The Gwinnett Place area is not only demographically diverse, but also hosts a wide employment base. Across 4,700 employers and over 64,000 workers, the region generates $3.2B in annual payroll. Unlike the nearby areas of Sugarloaf and the Mall of Georgia, where retail jobs dominate, the workforce in the Gwinnett Place Community Improvement District has a broader range, from professional and scientific occupations to positions in manufacturing, healthcare and the food service industry.
The workforce diversity could stem from the GPCID’s relatively high inventory of office and multifamily properties. Gwinnett Place has 1.9M SF of office, compared to 2.8M SF in Sugarloaf and 120K SF near the Mall of Georgia. GPCID leads in multifamily, with almost 5,000 units, compared to 1,700 units in Sugarloaf and 1,300 units in the Mall of Georgia.
In February, the GPCID unveiled its Vision 2020 strategic plan to strengthen the area as a center of economic and employment activity. The GPCID advocates and partners with transit, housing and improvement projects while calling for surveys into the current perceptions of the Gwinnett Place area. The studies will identify gaps where the GPCID could promote development opportunities. Initiatives like the Venture Drive Redevelopment Overlay District, the Tax Allocation District and the Opportunity Zone work together to promote a mix of high-end and dense residential buildings, commercial businesses, offices, recreational facilities and commuter transportation.
Under Vision 2020, millennial housing options will increase, fueling further workforce growth.
Retail is still a prominent sector of the Gwinnett Place workforce at 29%, but it is not as dominating as the Mall of Georgia, where the industry makes up 62% of the workforce. Administration and support jobs in the GPCID follow at 14%, with food and lodging at 13%, according to a report from Bleakly Advisory Group.
“While retail trade is the leading employment sector in the GPCID area, these jobs make up less than a third of all jobs in the district,” Bleakly Advisory Group President Geoff Koski said. “A nearly equal portion of GPCID jobs are in higher-paying employment sectors such as information technology, finance/insurance, real estate and professional/science/tech services. The distribution of jobs across employment sectors points to the desirability of the area to a wide range of companies and employers.”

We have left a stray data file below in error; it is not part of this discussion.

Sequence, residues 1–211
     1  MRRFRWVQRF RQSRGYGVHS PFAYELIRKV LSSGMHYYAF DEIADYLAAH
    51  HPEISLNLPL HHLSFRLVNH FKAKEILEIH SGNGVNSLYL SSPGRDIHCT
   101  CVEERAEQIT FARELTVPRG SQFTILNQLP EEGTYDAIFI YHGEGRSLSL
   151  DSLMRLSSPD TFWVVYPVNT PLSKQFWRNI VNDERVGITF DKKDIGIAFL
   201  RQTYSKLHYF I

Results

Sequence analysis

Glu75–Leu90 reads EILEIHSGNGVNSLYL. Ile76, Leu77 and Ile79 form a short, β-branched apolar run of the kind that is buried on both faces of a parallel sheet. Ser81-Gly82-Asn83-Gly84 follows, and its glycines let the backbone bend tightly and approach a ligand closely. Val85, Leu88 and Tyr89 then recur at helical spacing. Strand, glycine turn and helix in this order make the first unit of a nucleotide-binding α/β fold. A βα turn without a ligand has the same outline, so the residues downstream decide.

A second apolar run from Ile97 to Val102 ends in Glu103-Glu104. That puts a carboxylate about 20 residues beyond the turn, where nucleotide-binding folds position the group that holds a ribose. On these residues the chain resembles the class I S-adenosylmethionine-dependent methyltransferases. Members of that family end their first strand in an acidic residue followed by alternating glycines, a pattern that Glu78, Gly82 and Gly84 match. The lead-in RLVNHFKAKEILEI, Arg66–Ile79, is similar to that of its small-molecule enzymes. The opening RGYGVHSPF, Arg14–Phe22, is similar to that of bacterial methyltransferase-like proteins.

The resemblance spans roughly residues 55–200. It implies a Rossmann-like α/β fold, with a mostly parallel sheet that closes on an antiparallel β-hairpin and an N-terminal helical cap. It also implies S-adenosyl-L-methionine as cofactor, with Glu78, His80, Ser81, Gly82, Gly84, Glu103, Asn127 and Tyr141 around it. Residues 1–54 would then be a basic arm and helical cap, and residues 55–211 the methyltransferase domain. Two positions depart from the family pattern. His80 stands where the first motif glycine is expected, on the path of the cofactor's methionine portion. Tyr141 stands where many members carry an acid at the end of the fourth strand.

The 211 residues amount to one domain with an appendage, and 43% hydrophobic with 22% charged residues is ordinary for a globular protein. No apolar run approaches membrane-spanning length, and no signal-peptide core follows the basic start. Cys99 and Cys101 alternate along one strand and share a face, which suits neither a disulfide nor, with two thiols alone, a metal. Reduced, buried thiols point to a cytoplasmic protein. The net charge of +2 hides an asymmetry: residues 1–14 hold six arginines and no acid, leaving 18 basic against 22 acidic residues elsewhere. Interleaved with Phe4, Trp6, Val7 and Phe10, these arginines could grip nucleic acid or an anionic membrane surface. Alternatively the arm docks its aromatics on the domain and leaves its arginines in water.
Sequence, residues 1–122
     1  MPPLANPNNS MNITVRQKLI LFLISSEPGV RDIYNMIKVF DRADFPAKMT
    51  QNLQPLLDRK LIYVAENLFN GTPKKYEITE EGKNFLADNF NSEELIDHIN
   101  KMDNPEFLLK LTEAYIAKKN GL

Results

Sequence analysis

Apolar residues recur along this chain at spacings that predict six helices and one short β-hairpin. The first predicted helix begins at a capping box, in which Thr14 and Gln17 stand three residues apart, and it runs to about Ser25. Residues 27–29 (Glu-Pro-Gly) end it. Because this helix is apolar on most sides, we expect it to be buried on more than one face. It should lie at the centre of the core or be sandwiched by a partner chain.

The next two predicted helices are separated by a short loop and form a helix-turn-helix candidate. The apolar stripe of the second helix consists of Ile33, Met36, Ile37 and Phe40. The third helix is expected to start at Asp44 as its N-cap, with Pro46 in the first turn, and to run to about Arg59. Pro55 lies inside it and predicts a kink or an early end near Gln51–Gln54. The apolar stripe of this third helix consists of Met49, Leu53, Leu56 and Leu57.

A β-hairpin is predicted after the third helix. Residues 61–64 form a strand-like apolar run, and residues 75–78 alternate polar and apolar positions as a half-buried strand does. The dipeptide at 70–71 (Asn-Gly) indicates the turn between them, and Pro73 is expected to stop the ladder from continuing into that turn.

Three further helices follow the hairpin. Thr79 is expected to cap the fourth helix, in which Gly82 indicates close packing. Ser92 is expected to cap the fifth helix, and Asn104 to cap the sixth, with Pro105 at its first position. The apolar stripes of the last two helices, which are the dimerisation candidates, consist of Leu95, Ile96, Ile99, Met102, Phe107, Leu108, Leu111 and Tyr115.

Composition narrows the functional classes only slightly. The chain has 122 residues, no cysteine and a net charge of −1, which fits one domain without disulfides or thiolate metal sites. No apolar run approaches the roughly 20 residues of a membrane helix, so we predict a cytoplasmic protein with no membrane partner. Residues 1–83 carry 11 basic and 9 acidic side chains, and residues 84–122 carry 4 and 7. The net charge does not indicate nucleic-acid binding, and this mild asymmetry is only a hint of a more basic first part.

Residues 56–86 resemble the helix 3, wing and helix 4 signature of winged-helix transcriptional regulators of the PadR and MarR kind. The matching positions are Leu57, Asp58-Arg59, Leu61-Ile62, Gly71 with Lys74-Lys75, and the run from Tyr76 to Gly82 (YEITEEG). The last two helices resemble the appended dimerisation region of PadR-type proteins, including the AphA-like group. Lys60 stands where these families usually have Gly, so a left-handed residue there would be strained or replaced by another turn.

The flow of young workers into the area has strengthened the CID’s efforts to develop the Gwinnett Place area into a desirable place to live and work. Employees between the ages of 30 and 54 make up 57% of the workforce while those 29 years old and under make up 27% of the workforce population.
The GPCID also has broader wage distribution than nearby areas. Across earnings, 36% of workers in the GPCID earn middle income wages from $15K to $40K, higher than Sugarloaf and the Mall of Georgia’s respective 25% and 32% in the same bracket. The GPCID’s youthful demographic skews incomes lower than other areas, but these households offer an opportunity for long-term growth.
The GPCID follows a national trend of young professionals flocking to affordable and economically dynamic areas to start a career or raise a family.
The variety of workers in the area fuels the GPCID’s transformation into a dense urban area. Capturing just 5% of the area’s payroll in the Gwinnett Place area would lead to $161M in annual spending. The revenue would fuel further infrastructure and lifestyle improvements in the area.